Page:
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RT Lambert, CJ Ashworth, L Beattie, FE Gebbie, JS Hutchinson, DJ Kyle and PA Racey

The roe deer blastocyst is in diapause between August and December, after which time it expands and elongates rapidly before implantation. Blood samples were taken from 30 animals to define temporal changes in reproductively important hormones to investigate the physiological cues present at embryo reactivation. In 15 of these animals, changes in uterine and conceptus protein synthesis and secretion, and luteal progesterone release during diapause and reactivation, were assessed after culture of these tissues in vitro. Oestradiol concentrations remained low during diapause (1.07 +/- 0.4 pg ml(-1)) and expansion (1.2 +/- 0.4 pg ml(-1)) but increased by 30 times at trophoblast elongation (49.17 +/- 0.37 pg ml(-1)). Prolactin remained at basal concentrations (4.69 +/- 0.86 ng ml(-1)) and increased after implantation (12.34 +/- 2.71 ng ml(-1)). Peripheral progesterone concentrations and luteal progesterone release remained constant throughout diapause, reactivation and implantation (peripheral progesterone: 3.82 +/- 1.97 ng ml(-1); luteal progesterone: 6.72 +/- 0.81 ng mg(-1) protein). Incorporation of a radiolabel into conceptus secretory proteins increased by four times at expansion compared with diapause, whereas incorporation into endometrial secretions remained constant. At elongation, incorporation into endometrial secretions increased two times and conceptus secretions increased 32 times. Two-dimensional electrophoresis and fluorography showed that the profile of endometrial secretory proteins was constant until implantation when qualitative changes were evident. Although a role for an endocrine maternal trigger of reactivation from diapause cannot be dismissed, these data provide no supporting evidence and indicate that the conceptus itself may drive reactivation.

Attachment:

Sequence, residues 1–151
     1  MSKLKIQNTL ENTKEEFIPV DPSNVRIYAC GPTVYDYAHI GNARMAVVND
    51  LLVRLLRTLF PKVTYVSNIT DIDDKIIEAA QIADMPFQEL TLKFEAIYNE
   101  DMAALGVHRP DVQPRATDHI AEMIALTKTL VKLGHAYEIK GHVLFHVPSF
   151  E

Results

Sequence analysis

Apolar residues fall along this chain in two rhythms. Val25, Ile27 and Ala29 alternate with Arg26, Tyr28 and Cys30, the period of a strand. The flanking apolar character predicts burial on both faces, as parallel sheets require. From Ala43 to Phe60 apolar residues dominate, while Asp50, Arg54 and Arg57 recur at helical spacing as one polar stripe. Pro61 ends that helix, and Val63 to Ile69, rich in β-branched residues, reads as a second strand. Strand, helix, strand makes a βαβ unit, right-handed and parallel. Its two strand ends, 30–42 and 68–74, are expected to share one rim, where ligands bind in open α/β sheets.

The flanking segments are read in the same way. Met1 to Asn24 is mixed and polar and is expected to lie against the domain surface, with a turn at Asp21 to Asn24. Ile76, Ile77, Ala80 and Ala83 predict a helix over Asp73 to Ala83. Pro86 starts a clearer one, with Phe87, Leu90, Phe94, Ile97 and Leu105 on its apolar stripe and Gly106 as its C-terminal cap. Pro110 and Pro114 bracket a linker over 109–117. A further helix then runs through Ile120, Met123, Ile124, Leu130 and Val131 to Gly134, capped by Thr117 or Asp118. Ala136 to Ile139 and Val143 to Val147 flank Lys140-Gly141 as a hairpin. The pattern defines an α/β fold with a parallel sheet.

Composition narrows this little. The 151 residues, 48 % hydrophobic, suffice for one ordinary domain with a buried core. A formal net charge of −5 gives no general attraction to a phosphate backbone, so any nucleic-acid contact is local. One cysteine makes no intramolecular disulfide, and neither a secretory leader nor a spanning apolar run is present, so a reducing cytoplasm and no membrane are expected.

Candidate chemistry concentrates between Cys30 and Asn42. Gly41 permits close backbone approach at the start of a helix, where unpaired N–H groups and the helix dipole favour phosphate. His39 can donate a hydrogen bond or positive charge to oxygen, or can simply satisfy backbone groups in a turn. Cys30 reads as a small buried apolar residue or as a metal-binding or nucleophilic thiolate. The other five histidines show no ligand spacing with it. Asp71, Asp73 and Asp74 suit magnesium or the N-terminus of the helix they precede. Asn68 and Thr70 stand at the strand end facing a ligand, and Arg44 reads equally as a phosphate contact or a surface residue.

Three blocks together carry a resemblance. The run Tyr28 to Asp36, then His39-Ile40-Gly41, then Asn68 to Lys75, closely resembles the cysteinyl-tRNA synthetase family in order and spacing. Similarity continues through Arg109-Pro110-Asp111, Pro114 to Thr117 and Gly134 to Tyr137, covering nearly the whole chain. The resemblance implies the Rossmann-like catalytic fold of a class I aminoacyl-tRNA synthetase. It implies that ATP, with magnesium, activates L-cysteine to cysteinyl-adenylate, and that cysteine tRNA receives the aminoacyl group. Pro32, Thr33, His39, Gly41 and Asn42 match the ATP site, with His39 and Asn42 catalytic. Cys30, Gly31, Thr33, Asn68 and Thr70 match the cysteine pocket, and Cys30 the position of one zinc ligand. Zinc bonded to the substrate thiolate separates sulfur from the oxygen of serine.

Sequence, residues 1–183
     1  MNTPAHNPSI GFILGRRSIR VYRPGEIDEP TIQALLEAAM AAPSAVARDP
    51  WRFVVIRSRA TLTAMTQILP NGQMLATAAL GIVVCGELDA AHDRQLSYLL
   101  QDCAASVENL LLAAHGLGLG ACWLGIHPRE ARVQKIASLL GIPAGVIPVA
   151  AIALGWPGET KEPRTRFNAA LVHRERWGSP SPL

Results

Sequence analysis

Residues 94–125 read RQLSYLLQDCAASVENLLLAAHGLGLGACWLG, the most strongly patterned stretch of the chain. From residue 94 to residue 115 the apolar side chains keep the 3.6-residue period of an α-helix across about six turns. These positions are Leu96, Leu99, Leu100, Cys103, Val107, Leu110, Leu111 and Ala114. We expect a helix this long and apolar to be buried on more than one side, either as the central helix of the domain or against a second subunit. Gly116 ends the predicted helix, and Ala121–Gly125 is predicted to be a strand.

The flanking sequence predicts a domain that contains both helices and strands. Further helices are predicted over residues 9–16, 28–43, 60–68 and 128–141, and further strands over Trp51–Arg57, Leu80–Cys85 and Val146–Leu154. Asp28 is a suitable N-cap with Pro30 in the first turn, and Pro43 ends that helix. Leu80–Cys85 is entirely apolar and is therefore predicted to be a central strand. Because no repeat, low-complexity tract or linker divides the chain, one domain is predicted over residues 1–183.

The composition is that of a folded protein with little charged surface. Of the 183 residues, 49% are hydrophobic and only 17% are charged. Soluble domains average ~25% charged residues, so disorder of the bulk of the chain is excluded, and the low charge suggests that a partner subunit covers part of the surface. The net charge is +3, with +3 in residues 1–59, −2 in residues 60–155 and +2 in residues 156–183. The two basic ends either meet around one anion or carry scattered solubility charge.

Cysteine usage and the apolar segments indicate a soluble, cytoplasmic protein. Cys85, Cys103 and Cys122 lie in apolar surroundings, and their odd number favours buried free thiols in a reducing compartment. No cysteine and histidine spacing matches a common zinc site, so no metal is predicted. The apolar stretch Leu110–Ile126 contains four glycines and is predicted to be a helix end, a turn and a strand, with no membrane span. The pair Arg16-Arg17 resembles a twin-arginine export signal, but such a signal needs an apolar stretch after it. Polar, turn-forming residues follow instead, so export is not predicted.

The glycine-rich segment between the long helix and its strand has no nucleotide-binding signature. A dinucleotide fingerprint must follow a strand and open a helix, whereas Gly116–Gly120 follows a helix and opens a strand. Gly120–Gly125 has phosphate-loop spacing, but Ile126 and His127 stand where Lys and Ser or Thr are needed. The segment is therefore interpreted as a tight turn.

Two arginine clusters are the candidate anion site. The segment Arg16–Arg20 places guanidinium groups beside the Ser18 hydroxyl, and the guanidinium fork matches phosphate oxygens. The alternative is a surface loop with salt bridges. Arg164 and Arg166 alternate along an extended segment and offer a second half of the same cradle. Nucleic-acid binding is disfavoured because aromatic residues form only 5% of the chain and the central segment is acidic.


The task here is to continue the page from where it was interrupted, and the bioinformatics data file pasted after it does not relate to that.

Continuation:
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P Da Silva, RP Aitken, SM Rhind, PA Racey and JM Wallace